Medical Billing and Coding Specialist

A Day in the Life: The Job Description of a Medical Billing and Coding Specialist

Are you considering becoming a medical billing and coding specialist? According to the U.S. Bureau of Labor & Statistics, the medical records and health information technicians’ job outlook is expected to grow 11 percent.

This article will cover what exactly this job entails, and why it’s so rewarding. Read on to discover your new stable and financially promising career path for the future.

What Does a Medical Billing and Coding Specialist Do?

Medical billers and coders are also known as health claims specialists since they process health insurance claims for hospitals, doctors’ offices, and other healthcare offices.

If you decide to become a medical biller and coder, you’ll be in a traditional office setting at a desk on a computer. For this role, you’ll need to be organized and detail-oriented. This position is normally Monday through Friday from 8 AM to 5 PM.

Some responsibilities include:
• Follow up with insurers about late payments
• Review claims for accuracy
• Work with other staff for accuracy
• Use a coding system to choose correct codes for diagnoses and procedures
• Track payments

While you’ll be expected to communicate with physicians and other staff, most of your work will be independently done.

How It’s Done

The typical day involves looking at a patient’s chart to see medical history as far as treatments and diagnoses. You’ll then take a look at established codes to determine what code properly aligns with the treatment or diagnosis given.

Currently, what’s known as the ICD-11 is used for determining codes. ICD stands for International Classification of Diseases. ICD-11 is much more accurate than previous ICD revisions in the past.

Opportunity for Advancement

Many medical records and health information technicians go on to become coders. Cancer registrars are an option as well.

As a cancer registrar you’ll:
• Assign codes for procedures and diagnoses for cancer
• Review patient records for accuracy
• Perform annual followups to track treatment given
• Take a look at patient information for research

If you’re starting out a medical billing and coding specialist, the average pay is $36,921.

Why Become Certified?

When a position is open, they’ll be looking for those who are certified as a medical billing specialist or in medical coding. They’ll want to make sure you’re knowledgeable and understand the different codes and procedures involved for accuracy.

You can find educational programs through community colleges, vocational schools, and technical institutes whether online or in person. You’ll learn medical terminology and insurance protocol.
You’ll also learn to manage computer databases along with learning how to code. If you decide to go for an associate’s Degree instead of certification, that’s an acceptable option as well.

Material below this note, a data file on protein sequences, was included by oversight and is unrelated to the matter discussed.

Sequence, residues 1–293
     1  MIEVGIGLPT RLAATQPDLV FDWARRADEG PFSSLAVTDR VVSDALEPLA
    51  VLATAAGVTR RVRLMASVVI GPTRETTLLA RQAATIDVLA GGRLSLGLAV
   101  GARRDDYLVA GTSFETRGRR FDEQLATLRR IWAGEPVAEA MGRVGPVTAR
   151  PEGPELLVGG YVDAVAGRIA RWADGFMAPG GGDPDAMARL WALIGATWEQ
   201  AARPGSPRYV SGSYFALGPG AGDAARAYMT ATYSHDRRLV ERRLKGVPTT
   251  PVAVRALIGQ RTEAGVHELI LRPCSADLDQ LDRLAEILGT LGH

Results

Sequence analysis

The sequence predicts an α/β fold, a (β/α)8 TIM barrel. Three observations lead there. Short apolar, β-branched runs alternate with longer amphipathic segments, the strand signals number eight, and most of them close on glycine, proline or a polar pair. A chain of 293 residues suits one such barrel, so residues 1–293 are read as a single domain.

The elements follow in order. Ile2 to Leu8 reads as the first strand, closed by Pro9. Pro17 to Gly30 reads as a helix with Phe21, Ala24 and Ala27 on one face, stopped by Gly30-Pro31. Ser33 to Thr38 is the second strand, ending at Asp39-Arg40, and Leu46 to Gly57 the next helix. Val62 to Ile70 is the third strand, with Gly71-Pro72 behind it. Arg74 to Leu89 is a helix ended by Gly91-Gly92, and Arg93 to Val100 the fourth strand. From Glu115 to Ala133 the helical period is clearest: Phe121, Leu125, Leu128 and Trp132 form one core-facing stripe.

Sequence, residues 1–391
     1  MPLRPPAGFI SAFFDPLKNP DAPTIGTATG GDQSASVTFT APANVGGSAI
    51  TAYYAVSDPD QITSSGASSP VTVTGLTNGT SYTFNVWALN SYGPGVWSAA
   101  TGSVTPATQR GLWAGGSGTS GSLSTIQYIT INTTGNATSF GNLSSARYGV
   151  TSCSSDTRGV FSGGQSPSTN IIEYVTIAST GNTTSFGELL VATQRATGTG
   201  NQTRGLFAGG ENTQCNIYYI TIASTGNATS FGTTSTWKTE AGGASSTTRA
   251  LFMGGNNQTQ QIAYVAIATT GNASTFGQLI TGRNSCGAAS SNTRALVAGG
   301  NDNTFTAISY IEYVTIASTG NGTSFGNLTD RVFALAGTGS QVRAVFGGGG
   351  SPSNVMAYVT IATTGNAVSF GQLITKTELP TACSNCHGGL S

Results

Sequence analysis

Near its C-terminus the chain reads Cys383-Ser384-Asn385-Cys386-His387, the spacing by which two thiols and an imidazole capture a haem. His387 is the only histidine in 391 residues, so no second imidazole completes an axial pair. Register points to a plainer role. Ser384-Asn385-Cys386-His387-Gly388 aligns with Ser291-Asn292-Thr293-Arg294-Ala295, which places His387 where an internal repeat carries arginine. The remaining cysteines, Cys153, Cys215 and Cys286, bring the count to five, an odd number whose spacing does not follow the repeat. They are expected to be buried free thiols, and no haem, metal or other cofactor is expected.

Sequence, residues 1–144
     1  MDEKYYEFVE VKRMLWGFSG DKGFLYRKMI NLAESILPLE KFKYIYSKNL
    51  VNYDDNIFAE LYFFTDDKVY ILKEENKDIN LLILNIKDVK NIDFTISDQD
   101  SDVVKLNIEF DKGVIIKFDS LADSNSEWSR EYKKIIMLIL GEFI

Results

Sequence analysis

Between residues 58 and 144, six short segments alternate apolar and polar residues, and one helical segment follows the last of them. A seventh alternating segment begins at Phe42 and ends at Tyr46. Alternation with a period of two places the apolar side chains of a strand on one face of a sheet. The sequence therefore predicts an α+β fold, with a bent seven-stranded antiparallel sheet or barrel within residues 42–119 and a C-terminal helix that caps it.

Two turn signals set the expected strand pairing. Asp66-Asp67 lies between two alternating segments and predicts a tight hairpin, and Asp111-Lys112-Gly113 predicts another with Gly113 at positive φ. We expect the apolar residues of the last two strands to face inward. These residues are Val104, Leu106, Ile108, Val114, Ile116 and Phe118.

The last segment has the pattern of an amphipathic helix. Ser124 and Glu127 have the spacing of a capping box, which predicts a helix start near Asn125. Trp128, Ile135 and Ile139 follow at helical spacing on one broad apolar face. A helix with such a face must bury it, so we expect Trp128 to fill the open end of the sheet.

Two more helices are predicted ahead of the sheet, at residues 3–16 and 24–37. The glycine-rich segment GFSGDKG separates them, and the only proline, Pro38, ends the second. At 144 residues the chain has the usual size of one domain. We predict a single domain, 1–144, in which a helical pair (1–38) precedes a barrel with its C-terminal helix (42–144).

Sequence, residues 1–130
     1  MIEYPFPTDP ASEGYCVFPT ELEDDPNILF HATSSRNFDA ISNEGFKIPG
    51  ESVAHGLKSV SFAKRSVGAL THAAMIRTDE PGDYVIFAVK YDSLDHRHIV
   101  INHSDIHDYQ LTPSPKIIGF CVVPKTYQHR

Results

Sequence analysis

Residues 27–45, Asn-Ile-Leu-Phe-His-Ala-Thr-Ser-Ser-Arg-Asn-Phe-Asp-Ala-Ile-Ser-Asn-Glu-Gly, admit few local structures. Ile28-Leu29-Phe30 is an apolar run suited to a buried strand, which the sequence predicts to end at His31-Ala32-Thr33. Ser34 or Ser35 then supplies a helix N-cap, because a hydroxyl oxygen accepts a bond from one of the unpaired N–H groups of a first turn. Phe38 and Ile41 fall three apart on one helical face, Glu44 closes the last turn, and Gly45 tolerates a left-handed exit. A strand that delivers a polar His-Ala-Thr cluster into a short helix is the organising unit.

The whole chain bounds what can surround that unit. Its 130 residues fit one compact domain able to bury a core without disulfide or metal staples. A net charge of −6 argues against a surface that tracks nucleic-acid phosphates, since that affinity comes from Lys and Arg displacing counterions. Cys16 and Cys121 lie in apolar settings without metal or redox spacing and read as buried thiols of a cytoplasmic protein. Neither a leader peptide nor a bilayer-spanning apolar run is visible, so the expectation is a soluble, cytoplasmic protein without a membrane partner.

Avoid Scams

There are many ads or flyers out there about work-from-home medical billing and coding jobs, and sadly they can be a scam. They might promise great pay even if you have no experience.

Use your best judgment and avoid any companies that promise to hire you from home with no experience. If you decide you want to work from home, normally you’ll need to obtain experience in the field to be able to work from home.

You’ll have to abide by HIPAA Laws (health privacy laws) to ensure privacy in your home. Your home needs to be a secure location where others can’t access personal information and codes of others.

Important Traits to Have

Since accuracy is extremely important, you’ll need to have attention to detail and be organized. Along with this, there are many other traits that are important to maintain this level of accuracy.

Attention to detail is important since you’ll be checking bills for accuracy and notice any errors. You’ll also want to be great at customer service since you’ll be speaking with people about their health and payments.

You should be comfortable using a computer since you’ll be on one for the majority of the day. You’ll need to be comfortable working with others because you’ll need to work with a team at times.

Communication is important as well because you’ll be on the phone with insurance companies and patients. You’ll answer any questions patients may have about their bill.

Medical terminology is something you’ll learn in your training, but it’s vital to stay up to date on any changes and be able to speak with physicians and patients. Bookkeeping and accounting are important as well since you’ll be sending out bills and reconciling them.

Problem-solving is a vital step as well because there could be errors. It’s about catching errors, and knowing how to fix them.

Certification vs Associates

Obtaining a certification or diploma program is the most common way someone goes into medical billing and coding. These are the programs at community colleges, vocational schools, and trade schools.

This program is normally done in a year or less. If you decide to go for your associate’s degree, it normally will take about 2 years, but you’ll learn much more than a certification.

The cost of an associate’s degree is normally more than a certification program though. If you decide to go for your associate’s, many employers will favor someone with an Associates than a certification since they’ve received more education.

After your associates or certification, you can always try and find an internship to get some experience under your belt.

Becoming a Medical Billing and Coding Specialist

Becoming a medical billing and coding specialist is a career with advancement options as well as job security and good pay. Would you like to learn more about the medical field? Check out our other articles.

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